Codependent Nonviolent Communication (NVC) is a term that is used to describe a communication style that is characterized by an unhealthy reliance on the other person’s approval and a lack of self-sufficiency. It is a form of communication that is often seen in relationships where one person is overly dependent on the other for their emotional well-being and validation. This can be harmful to both parties in the relationship and can lead to feelings of resentment and frustration.

The concept of codependent NVC is rooted in the principles of Nonviolent Communication, a communication method developed by Marshall Rosenberg in the 1960s. NVC is based on the idea that all human beings have a fundamental need for connection and understanding, and that communication is a way to meet those needs. NVC emphasizes the importance of expressing one’s own needs and feelings in a way that is respectful and compassionate towards others.

However, codependent NVC occurs when one person in a relationship becomes overly focused on meeting the needs of the other person at the expense of their own needs and well-being. This often leads to a dynamic in which one person is constantly trying to please the other and seeking their approval, while the other person becomes more and more reliant on this validation.

One common example of codependent NVC is when one person in a relationship constantly apologizes or downplays their own needs and feelings in order to avoid conflict or to keep the other person happy. This can lead to resentment and a lack of authenticity in the relationship, as the person who is constantly apologizing may feel like they are not being true to themselves.

Another aspect of codependent NVC is the tendency to try to control the other person’s feelings or behavior. This can take the form of constantly offering solutions or trying to fix the other person’s problems, even when they have not asked for help. This can be harmful to the relationship, as it can make the other person feel like they are not capable of solving their own problems or that their feelings are not being validated.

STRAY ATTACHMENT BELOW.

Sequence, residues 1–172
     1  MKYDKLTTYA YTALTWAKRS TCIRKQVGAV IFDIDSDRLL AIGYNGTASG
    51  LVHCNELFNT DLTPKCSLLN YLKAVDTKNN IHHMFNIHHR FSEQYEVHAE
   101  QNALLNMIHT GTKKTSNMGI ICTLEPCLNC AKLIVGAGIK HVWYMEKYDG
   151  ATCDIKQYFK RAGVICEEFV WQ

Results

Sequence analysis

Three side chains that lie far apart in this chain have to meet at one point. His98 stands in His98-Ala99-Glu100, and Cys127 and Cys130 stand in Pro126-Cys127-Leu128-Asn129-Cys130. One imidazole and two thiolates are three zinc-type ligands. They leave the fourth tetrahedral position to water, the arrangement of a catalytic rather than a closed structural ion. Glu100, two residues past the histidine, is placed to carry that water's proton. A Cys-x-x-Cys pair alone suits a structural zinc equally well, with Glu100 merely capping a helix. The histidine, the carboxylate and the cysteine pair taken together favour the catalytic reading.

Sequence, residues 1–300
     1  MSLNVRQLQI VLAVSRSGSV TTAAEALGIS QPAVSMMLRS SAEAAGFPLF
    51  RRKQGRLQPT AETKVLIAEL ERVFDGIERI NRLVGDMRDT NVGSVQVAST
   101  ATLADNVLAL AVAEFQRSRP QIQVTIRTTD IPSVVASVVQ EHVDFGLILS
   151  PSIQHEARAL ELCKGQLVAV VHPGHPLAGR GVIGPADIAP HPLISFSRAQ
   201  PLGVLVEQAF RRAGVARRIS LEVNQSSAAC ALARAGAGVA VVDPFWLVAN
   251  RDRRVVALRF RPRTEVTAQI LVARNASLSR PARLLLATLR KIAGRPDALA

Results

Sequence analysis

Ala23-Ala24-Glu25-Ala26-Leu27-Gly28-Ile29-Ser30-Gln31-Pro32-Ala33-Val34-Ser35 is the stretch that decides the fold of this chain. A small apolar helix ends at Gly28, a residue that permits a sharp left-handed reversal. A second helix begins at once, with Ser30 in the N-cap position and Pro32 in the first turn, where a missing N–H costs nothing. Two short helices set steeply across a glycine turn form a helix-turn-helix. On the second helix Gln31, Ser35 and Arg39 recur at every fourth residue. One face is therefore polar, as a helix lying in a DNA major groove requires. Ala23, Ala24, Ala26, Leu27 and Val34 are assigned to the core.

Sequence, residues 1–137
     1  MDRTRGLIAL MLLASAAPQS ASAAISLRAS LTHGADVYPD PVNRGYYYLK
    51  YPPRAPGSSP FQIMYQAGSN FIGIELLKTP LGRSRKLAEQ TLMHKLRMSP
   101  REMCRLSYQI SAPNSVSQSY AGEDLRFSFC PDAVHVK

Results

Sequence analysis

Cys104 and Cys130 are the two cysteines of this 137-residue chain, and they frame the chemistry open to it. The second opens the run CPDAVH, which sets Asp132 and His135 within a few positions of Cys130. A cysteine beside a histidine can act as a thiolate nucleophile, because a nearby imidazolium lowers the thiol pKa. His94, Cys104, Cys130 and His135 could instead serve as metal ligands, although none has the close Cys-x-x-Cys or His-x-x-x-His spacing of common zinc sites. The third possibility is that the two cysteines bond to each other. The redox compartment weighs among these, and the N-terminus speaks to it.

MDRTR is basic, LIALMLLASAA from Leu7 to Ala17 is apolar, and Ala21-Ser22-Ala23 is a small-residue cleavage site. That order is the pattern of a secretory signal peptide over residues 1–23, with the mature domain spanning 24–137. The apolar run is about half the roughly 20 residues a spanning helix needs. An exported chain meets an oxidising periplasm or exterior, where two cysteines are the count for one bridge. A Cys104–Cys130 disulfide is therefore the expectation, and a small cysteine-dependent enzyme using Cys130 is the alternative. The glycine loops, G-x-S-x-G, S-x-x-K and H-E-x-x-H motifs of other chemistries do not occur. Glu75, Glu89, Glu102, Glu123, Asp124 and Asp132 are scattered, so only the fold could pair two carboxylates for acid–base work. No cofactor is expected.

One way to recognize codependent NVC is to pay attention to your own behavior and how it is affected by the other person’s actions and words. If you find that you are constantly seeking validation or approval from the other person, or if you feel like you have to constantly apologize or downplay your own needs in order to keep the peace, it may be a sign of codependent NVC.

It is important to remember that all relationships involve a certain amount of give and take, and it is natural to want to make your partner happy. However, it is important to maintain your own sense of self and to prioritize your own needs and feelings in the relationship.

If you recognize that you are engaging in codependent NVC, there are steps you can take to improve the dynamic in your relationship. One way is to practice self-care and prioritize your own needs. This can involve setting boundaries and making time for activities that nourish and support you, such as hobbies or self-care practices.

Another way to address codependent NVC is to practice more authentic communication with your partner. This can involve expressing your own needs and feelings in a clear and direct way, rather than trying to control or manipulate the other person’s behavior. It can also involve actively listening to your partner and seeking to understand their perspective, rather than just trying to fix their problems.

Overall, codependent NVC is a harmful communication pattern that can lead to resentment and frustration in relationships. By practicing self-care and authentic communication, you can work towards creating a more balanced and fulfilling dynamic in your relationships.